BASKING RIDGE, NJ—Verizon Communications’ record-breaking $650 million sale-leaseback of its operations center in Basking Ridge, NJ is “not too shabby a transaction,” says the dean of the Edward J. Bloustein School of Planning and Public Policy at Rutgers University in New Brunswick.

Verizon purchased the building from Pfizer in 2005 for just under $100 a square foot,” says Dr. James W. Hughes of the Bloustein School. Hughes is a demographer who has done extensive research on New Jersey’s suburban office markets.  “Even though they had to do substantial renovations, a $464 [per square foot] sales price 10 years later looks pretty good.”

As reported by GlobeSt.com yesterday, in the largest sale-leaseback transaction ever completed in suburban New Jersey, Cushman & Wakefield arranged a $650.3 million transaction for the 1.4 million square foot Verizon operations center at 1 Verizon Way in Basking Ridge, NJ.

The transaction underscores a broad and continuing trend among large companies with office real estate accumulated over decades that need less space and turn to sale-leaseback transactions to unlock the value of that property.

“Companies with large headquarters buildings will continue to evaluate sake leasebacks or mortgage financing with guaranteed leases as ways to extract value from otherwise locked asset value,” says Peter Reinhart, director of Monmouth University’s Kislak Real Estate Institute. “I don’t think the Verizon transaction will trigger others as this is a tool that companies are already well aware of. Individual situations dictate whether sale leaseback is right for them. However, the sale price might cause other companies to take a fresh look at this option again.”

Cushman & Wakefield’s Michael Rotchford, executive vice president and head of corporate finance and investment banking for the firm, tells GlobeSt.com exclusively that he divides his analysis of potential sale-leaseback opportunities into two groups, nonstrategic corporate campuses and strategic ones.

“With respect to nonstrategic corporate campuses, a lot of our clients have looked at what’s the best way to exit those over a period of time, to the extent that they are going to relocate within the community or outside the community,” Rotchford says. “Those clients take a look at a number of different factors like what impact it has on the existing workforce and the future workforce. They also look at what sort of collaborative environment can be created.”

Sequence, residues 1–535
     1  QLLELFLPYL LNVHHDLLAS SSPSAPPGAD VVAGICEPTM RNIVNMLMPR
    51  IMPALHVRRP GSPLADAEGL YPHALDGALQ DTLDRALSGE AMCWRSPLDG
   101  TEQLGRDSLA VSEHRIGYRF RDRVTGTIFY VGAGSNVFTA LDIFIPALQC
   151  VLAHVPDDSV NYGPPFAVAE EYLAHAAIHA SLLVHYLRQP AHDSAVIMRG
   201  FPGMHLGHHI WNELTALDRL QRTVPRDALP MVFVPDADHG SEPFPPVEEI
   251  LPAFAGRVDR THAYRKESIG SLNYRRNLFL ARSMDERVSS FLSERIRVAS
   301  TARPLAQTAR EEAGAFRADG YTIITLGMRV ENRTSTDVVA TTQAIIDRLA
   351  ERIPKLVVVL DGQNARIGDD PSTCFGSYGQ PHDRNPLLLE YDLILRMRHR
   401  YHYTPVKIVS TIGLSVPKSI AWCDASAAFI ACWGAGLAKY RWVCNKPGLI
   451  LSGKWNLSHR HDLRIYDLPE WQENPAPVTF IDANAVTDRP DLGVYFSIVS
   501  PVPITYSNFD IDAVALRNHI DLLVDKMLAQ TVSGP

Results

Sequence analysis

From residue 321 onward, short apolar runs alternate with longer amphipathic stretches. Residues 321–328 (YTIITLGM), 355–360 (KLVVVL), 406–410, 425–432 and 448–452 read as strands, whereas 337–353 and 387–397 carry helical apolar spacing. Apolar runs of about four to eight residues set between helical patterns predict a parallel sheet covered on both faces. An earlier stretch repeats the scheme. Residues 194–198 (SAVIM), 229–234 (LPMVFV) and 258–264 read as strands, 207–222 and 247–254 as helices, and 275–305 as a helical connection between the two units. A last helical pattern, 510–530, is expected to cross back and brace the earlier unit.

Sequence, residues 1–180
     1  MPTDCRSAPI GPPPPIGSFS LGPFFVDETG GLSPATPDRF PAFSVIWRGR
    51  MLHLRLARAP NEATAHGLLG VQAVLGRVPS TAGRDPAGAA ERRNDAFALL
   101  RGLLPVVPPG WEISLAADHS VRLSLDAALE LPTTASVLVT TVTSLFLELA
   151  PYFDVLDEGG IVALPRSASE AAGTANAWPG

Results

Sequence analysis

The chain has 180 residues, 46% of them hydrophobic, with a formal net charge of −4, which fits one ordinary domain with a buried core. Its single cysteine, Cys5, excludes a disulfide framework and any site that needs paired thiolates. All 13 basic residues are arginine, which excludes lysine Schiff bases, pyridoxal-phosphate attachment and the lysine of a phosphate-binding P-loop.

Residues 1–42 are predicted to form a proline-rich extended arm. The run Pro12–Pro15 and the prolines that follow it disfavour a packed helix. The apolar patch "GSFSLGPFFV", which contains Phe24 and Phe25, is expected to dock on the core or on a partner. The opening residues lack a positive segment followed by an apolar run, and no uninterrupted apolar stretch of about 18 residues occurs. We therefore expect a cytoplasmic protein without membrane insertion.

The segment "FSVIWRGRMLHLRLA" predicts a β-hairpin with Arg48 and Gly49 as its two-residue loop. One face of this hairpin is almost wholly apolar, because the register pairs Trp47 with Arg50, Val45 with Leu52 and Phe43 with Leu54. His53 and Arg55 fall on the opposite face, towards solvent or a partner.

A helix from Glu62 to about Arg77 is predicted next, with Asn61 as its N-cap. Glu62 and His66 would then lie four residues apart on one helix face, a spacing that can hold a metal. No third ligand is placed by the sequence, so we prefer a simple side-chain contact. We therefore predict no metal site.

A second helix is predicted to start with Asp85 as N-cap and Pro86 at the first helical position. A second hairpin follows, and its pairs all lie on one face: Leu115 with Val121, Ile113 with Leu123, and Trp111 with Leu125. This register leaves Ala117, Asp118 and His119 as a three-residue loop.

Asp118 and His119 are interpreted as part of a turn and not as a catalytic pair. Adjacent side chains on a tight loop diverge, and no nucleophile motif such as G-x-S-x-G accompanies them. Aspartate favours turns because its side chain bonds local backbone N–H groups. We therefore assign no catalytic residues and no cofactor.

Some clients end up in a hybrid situation where they downsize space and sell off the excess, he says. “It’s really situation-specific,” he says.

Rotchford declined to discuss the Verizon property specifically, but he says mission-critical properties like operations centers or technology centers are often the last assets that companies evaluate for these kinds of transactions, and frequently don’t involve relocation of the people who work there.

“You can’t look at these decisions solely in the context of ‘What is the real estate cost to me?’” he says. “If a company has invested a significant amount of dollars in R&D space and the area has the appropriate scientific and engineering pool to pull from, it may be better to stay in place than make a pure real estate decision, where just on the real estate costs it might be cheaper to relocate to Texas.”

Verizon, while declining to make its real estate team available to discuss the transaction, says it’s just taking advantage of market conditions.

“What we’re doing here is simply taking advantage of historically low rates to extract the maximum value out of this real estate asset while still occupying it,” Raymond McConville of Verizon’s media relations team tells GlobeSt.com exclusively. “It’s a common trend in corporate real estate, and that’s because you get a much lower residual value out of a property after it has been vacated. But in summary, the market rates are good, and we’ve always leveraged our high-value real estate assets when we can get such strong value for them.”

The facility, which employs approximately 3,900 full-time employees, was acquired by Mesirow Realty Sale-Leaseback, Inc., a division of Mesirow Financial, a diversified financial services firm headquartered in Chicago.

Verizon also is quick to point out that it’s not packing its bags any time soon.

“This doesn’t change our commitment to the region and our presence in New Jersey,” McConville says. “We’ve leased back 100 percent of the property for a 20-year term, so we plan on being in the area for a long time.” The campus houses a full range of businesses within Verizon Communications and also serves as headquarters for Verizon’s wireless unit.

Monmouth’s Reinhart is not so sure, however. “The reported twenty year lease backed by a very high quality credit tenant seems to justify the higher value,” he says. “It will be interesting to see whether Verizon will occupy the entire space for the full lease term or at some point seek to find other tenants for part or all of the space.”

Led by Rotchford, the Cushman & Wakefield investment banking team included David Wenk, Robert Elms and Mark Todrys. They worked in conjunction with both Kuriloff and with David Bernhaut, vice chairman of the Cushman & Wakefield capital markets group in New Jersey.

After acquiring the property in 2005, Verizon made a significant investment undertaking an extensive upgrade to create a world-class headquarters.The building earned LEED Silver certification from the US Green Building Council in December 2009.